DETROIT-- Delphi Corp. said today that it will receive $250 million from General Motors as part of Delphis new agreement to emerge from Chapter 11.
Delphi also said it agreed to sell to GM its global steering operations and four U.S. plants.
A unit of private equity firm Platinum Equity will acquire other U.S. and non-U.S. Delphi business operations, according to a Delphi statement. Those operations will get a financing package valued at $3.6 billion, Delphi said in the statement. A source familiar with the package says funds will come from various sources, including GM, but he declined to elaborate.
The new Delphi will be a formidable global supplier. Under ownership of Platinum Equity unit Parnassus Holdings II LLC., the company is expected to include as many as 100 manufacturing sites and100,000 employees worldwide, according to spokesman Lindsey Williams.
He said Delphi will continue to be operated by Delphi CEO Rodney ONeal and his management team.
The new company's specific ownership structure has not been disclosed.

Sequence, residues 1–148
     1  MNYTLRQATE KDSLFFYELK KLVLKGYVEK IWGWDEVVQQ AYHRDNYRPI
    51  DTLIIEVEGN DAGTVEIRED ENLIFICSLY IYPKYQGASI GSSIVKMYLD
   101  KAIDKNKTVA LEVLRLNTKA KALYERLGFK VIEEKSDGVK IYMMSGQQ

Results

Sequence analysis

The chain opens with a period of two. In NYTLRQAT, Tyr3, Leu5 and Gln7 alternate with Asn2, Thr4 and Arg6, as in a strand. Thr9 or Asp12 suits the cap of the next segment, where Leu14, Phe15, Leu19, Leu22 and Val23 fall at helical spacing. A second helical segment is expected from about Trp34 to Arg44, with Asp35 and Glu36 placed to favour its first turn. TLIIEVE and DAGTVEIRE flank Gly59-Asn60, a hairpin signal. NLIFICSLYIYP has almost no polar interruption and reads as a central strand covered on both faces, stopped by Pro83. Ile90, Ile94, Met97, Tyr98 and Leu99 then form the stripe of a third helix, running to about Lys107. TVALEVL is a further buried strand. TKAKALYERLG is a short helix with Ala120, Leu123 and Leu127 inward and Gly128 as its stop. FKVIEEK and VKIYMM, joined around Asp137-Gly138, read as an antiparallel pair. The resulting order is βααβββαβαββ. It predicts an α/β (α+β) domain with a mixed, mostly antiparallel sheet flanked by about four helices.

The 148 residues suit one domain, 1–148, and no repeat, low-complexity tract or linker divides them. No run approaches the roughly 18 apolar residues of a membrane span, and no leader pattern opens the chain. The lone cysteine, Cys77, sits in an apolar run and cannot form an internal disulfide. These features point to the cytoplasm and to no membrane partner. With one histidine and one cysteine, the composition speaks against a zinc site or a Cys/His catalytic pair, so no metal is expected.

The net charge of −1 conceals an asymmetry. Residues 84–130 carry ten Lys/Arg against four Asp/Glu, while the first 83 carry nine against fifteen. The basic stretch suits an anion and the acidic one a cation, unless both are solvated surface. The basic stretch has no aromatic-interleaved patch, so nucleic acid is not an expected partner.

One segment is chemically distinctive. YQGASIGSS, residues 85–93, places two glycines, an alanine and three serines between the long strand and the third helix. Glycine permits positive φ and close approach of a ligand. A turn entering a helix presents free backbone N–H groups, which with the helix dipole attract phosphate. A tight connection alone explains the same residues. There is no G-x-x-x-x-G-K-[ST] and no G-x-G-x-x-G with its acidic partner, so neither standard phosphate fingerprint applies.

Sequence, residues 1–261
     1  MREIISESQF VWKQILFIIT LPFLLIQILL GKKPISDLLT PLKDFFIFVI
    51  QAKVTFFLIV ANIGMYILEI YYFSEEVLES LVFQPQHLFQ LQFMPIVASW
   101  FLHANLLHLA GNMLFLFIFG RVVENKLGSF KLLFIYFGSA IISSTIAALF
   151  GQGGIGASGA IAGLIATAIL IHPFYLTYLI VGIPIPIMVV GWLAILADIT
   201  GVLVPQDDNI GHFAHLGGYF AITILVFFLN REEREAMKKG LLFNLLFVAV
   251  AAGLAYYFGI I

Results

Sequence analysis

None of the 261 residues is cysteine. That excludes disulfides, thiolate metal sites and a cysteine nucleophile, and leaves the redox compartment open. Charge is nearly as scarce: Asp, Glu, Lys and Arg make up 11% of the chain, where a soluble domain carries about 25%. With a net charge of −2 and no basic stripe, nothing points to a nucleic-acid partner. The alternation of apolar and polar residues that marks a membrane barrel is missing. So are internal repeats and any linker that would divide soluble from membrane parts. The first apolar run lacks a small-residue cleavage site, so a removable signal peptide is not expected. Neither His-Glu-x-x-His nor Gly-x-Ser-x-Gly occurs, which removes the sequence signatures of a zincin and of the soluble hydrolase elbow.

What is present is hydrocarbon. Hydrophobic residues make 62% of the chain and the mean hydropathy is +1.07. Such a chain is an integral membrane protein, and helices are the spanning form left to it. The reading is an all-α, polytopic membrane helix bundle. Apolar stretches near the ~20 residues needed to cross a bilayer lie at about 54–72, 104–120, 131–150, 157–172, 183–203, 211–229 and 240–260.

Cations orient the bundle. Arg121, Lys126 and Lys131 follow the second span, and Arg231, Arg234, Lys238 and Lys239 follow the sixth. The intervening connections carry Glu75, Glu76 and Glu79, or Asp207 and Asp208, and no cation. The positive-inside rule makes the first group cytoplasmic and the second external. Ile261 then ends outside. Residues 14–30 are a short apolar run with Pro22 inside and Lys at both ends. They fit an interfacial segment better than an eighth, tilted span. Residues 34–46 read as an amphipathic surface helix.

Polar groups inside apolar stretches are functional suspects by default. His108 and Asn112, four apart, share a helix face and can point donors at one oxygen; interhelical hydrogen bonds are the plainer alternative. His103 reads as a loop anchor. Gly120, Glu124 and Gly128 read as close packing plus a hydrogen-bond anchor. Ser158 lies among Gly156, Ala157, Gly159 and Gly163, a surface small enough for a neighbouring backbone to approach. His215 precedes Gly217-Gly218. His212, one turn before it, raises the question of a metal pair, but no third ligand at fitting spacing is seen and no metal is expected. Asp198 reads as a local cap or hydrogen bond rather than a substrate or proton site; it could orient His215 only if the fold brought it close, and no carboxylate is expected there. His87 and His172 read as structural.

As part of the reorganization, GM has agreed to buy Delphis global steering operations to avoid disruptions in production. The automaker would also acquire four of the parts makers plants. They include those in Kokomo, Ind.; Wyoming, Mich.; Lockport, N.Y.; and Rochester, N.Y.
Delphis announcement of a plan to emerge from Chapter 11 came as GM filed for bankruptcy protection in New York today.
In the statement, ONeal said: After an extended period of complex and challenging discussions with a wide range of stakeholders, we are confident that these modifications will provide a resolution that will allow Delphi to emerge from Chapter 11.
In the statement, GM said that it is committed to completing the Delphi transactions as an important step in resolving its own restructuring effort.
Delphi said a final approval hearing in U.S. Bankruptcy Court in New York is scheduled for July 23.
An effort in 2008 to reorganize Delphi with the help of GM and investors stumbled at the last minute after Appaloosa Capital Management backed out of a $2.55 billion plan to support its exit. Delphi sought creditor protection in October 2005.
Delphi was spun off from GM in 1999. GM has long been a financial backstop to Delphi because it is heavily dependent on the supplier for much of its components. GM has taken more than $11 billion in charges to help Delphis reorganization.
Delphi, based in suburban Detroit, makes a variety of powertrain, safety, steering, thermal, electrical, security and infotainment technologies. The company ranks No. 2 on the Automotive News list of the top 150 North American automakers with North American sales to automakers of $7.58 billion in 2008.
Reuters contributed to this report